‘’ Although this hasn’t happened overnight (we have learned a lot since our early videos) it is purely because we use YouTube that we have both a national and global reach with enquiries from as far as China and Australia, within a relatively short time. YouTube has also been great market research for us. By finding out what people are looking for we have been able to create more targeted information to help provide the answers they need’.

Rachel’s 8 tips on how to make an effective video for YouTube

1. Have a clear objective in mind. What questions will your ideal viewer want to be answered? Your video should be scripted as though you are talking to them only.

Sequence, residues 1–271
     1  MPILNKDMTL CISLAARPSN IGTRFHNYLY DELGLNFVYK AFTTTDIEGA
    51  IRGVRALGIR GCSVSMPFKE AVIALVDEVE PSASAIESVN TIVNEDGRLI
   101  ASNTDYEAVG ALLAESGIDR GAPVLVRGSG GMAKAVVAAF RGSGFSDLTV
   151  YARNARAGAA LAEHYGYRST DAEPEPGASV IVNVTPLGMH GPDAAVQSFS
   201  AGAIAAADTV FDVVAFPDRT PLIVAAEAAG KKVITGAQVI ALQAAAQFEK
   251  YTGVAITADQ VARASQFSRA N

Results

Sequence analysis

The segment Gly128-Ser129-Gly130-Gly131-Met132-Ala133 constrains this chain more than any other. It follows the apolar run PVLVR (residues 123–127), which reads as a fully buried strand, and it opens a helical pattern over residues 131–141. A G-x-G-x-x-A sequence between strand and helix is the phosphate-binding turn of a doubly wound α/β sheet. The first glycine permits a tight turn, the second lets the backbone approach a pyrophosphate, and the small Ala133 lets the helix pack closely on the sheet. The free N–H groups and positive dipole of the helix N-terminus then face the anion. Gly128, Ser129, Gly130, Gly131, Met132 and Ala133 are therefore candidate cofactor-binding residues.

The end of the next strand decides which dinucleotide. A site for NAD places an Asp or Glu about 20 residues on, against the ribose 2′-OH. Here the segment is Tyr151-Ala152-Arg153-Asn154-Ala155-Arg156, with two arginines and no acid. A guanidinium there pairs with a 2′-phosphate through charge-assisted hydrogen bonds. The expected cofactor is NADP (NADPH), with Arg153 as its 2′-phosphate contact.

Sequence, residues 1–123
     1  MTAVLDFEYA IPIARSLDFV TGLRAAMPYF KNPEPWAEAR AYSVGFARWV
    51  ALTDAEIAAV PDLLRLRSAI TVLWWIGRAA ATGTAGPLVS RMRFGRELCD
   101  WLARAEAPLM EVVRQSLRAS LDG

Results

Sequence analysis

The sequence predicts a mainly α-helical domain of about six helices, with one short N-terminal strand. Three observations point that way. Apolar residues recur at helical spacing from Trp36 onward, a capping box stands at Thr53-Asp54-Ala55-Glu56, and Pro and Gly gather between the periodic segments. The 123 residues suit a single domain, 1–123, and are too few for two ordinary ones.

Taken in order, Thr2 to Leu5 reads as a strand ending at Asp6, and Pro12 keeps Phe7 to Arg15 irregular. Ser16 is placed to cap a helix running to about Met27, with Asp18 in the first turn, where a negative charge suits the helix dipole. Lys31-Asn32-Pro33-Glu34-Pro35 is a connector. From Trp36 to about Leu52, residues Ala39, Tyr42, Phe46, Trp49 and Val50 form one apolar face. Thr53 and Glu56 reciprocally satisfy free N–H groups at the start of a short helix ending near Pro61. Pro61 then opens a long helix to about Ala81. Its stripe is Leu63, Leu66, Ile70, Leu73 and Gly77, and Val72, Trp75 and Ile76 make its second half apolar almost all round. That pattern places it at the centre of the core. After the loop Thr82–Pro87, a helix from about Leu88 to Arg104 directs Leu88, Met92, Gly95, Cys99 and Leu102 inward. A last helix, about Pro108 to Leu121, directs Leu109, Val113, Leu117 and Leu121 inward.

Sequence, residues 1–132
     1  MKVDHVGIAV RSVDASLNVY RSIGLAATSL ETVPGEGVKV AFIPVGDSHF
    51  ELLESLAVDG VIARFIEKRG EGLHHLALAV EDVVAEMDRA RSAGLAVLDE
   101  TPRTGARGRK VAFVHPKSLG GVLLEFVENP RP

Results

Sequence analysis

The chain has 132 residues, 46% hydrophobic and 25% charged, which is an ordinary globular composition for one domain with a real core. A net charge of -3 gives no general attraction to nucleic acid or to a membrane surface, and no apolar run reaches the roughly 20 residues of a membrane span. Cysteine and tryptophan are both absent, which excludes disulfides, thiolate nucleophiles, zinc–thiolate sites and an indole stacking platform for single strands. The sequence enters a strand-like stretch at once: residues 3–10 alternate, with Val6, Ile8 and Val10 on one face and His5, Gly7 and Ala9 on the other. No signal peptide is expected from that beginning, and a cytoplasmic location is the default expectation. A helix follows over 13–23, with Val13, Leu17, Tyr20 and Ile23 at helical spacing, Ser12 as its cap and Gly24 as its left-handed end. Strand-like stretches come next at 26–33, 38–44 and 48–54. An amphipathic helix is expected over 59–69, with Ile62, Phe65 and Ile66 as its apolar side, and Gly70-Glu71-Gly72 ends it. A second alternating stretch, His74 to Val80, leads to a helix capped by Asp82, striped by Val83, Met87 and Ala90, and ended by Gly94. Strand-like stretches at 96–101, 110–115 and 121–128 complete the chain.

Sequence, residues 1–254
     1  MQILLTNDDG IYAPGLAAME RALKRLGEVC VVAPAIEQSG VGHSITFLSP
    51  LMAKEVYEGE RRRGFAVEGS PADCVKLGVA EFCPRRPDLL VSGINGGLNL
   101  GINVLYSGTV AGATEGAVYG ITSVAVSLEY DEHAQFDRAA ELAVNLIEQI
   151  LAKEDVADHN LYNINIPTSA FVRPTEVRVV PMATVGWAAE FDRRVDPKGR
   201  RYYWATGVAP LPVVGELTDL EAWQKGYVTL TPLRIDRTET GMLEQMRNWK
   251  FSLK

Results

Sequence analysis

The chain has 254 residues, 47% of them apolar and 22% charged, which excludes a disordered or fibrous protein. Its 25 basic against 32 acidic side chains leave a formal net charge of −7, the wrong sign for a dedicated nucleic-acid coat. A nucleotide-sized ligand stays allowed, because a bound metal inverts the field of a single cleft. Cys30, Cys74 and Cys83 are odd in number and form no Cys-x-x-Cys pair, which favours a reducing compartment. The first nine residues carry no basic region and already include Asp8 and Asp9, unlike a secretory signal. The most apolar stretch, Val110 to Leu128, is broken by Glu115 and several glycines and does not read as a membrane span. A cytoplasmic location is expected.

2. YouTube is a search engine so do your keyword research. Think about the message you want to get across; and note what you would type to search for it.

3. Make sure the title to the video is short, succinct, compelling and contains your keyword/s. We have found ‘how to’ videos to be our most viewed.

4. Always place the web link at the top of the description box as this improves the click through rate (the number of people going straight to your site).

5. In the description section, use ALL of the character allocation and use your keyword as many times as you can without looking spammy.

6. If you are editing, place a final screenshot (we use a PowerPoint slide) at the end of the video lasting 5+ seconds with your call to action/web address. This stops everyone else’s videos appearing straight away and keeps the attention on you and where people should go to find more great information.